One of the weaknesses of the English language is that it oftentimes lumps similar emotions under one broad name. Love, for example. One can love intimately, but also love his/her siblings, friends, pets, career, and adventuring differently. The ancient Greeks were more precise. They distinguished among love’s various expressions: e.g., Eros meaning romantic; Philia, for friends and others; Storge, between parents and children; Agape, universal love.
Sadness is another term we apply to a broad range of feelings, often relating to immediate and tangible loss such as a death of a loved one.
Melancholy is an expression of sadness. The ancient Greeks explored melancholy – Melankholia – as they seemingly did with every aspect of the human psyche. It’s interesting to see how their word and its meaning have made their way into modern languages and thinking. In Spanish, melancholia; Italian, melancholia; German, Melancholie; and Danish, melankoli.
Hippocrates, the father of western medicine, attributed melancholy to an aberrant secretion of black bile. While medically and psychologically incorrect, Hippocrates, nonetheless, grasped the gripping potential power of the mood.
For a few, like Abraham Lincoln, it can be chronic. For others, melancholy can arise during periods when the individual is already feeling down and possibly in a vulnerable state. Like now. For many, this is a sad period given that the pandemic has touched them personally. Those not directly affected health wise might be feeling sad for them out of compassion or empathy.
Colloquially, we sometimes call it feeling blue or being down in the dumps. Outside factors such as gloomy weather and/or the time of day such as late afternoon can induce it. Or a visit to, photos of, and stories about the place of one’s childhood or other personally meaningful sites.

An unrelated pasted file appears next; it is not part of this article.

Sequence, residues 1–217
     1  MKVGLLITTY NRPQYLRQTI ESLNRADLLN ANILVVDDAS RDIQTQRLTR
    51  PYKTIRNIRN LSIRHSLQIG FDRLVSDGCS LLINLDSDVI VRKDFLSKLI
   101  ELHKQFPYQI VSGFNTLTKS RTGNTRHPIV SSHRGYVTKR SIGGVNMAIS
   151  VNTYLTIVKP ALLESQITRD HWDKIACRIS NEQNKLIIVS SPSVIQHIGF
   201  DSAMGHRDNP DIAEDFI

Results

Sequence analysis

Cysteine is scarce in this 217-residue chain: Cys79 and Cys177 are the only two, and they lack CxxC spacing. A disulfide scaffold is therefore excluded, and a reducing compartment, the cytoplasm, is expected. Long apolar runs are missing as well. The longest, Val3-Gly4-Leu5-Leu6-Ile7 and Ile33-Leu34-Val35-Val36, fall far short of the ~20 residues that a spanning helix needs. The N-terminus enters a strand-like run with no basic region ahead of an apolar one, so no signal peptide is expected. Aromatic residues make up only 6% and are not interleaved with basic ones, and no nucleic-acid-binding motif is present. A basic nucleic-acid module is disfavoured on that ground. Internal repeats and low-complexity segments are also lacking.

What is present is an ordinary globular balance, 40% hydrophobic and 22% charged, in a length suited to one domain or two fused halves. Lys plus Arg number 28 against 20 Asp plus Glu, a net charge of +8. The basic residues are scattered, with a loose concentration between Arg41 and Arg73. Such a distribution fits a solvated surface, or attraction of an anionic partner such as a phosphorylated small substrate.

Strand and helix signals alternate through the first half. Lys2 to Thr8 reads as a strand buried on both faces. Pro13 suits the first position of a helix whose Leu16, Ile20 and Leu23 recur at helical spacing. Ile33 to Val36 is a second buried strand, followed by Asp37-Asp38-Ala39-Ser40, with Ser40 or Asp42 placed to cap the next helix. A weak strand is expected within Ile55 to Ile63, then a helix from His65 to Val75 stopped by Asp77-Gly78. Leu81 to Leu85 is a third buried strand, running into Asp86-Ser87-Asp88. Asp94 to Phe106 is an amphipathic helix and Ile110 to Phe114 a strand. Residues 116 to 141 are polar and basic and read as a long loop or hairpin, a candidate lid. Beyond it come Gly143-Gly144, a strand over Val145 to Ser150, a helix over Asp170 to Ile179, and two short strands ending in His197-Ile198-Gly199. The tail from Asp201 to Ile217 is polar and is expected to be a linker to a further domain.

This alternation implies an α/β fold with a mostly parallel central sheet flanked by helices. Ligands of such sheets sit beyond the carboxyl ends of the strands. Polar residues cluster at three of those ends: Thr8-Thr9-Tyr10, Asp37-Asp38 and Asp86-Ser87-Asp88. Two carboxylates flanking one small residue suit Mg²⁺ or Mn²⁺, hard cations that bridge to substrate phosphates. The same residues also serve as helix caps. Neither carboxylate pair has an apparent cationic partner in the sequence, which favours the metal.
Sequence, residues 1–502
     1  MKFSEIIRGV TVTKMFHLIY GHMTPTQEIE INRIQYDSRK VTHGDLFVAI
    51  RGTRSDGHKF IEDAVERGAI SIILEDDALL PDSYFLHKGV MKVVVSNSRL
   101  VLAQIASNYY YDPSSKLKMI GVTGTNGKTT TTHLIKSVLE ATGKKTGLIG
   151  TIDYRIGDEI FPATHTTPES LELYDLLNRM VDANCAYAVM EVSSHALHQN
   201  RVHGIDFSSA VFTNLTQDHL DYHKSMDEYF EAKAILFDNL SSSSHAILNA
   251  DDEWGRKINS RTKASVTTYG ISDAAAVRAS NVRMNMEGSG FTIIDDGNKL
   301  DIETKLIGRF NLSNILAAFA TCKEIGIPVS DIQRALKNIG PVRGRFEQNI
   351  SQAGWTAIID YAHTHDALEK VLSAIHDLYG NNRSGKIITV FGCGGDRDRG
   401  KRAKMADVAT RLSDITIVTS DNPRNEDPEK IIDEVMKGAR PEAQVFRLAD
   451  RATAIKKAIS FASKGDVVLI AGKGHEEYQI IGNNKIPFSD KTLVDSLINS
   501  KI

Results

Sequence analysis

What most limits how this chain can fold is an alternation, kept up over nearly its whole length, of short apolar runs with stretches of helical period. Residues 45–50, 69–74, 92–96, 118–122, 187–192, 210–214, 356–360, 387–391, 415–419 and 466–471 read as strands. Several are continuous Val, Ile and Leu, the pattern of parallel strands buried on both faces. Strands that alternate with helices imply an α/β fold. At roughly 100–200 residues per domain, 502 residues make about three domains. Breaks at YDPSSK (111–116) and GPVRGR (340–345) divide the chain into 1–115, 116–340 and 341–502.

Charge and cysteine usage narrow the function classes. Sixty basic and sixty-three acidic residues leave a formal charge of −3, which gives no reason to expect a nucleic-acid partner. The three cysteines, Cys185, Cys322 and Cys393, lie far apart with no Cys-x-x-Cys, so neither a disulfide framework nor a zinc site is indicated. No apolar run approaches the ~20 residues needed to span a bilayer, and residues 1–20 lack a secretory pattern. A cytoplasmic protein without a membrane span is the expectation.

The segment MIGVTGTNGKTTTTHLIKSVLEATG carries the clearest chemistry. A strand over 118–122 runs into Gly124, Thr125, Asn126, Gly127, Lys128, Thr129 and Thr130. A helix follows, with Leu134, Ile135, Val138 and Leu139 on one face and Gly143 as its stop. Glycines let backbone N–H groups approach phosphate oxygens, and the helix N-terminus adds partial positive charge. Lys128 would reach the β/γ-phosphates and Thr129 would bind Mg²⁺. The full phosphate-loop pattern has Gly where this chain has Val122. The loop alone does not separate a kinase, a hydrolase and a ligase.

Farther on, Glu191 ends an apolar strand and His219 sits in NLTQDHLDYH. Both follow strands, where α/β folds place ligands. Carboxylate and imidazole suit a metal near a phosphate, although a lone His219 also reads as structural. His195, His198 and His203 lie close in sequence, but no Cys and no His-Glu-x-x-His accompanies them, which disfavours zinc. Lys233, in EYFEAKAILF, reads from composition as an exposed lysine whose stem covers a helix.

The last example suggests how melancholy can intertwine with another aspect of the human psyche: Memory. There again, the Greeks were on it. The Titan Mnemosyne, who gave birth to the nine Muses, was the goddess of memory. Our word mnemonic, which means “a device or code to assist memory,” comes from her name.
Recently, several sisters and I recalled via text some of the more joyful moments of our childhood. We didn’t have much growing up, but we never lacked for anything. Life was the way it was. Clothes were handed down. Food was not taken for granted. Vegetables from the garden and fruits from trees our father had planted before his untimely death were harvested – unless eaten on site – and canned. A hole in a sock or a button from a shirt merely meant a darning task to be done. We made our own fun and squabbled over who got to take his or her bath when. That is after we were old enough not to share a bath.
From the vantage of older age, we easily see the circumstances of our childhood and coming-of-age years having given us gifts unimagined then. We understand that which we lacked materially was more than made up for in an abundance of intangibles.
Those memories are amplified against the background of this pandemic, at a time when life is far from simple and safety and surety of health and financial means are very much under threat.
I am no psychologist or psychotherapist, but it seems a healthy way to explore rooms of one’s past is to note the feelings that arise when rummaging through them. Then, write about, sketch, and/or share them with others who also shared them – e.g., siblings – and friends who have related memories.
Of course, not all memories are uplifting. Some are likely painful, so it’s best to approach them carefully.
Still, in the end, we are our stories. So, think about it: Whence do they come? If you haven’t yet, perhaps it’s time you tell yours. In the telling you might shed a tear or a enjoy a laugh or both.
Thanks, Mnemosyne, for your gift.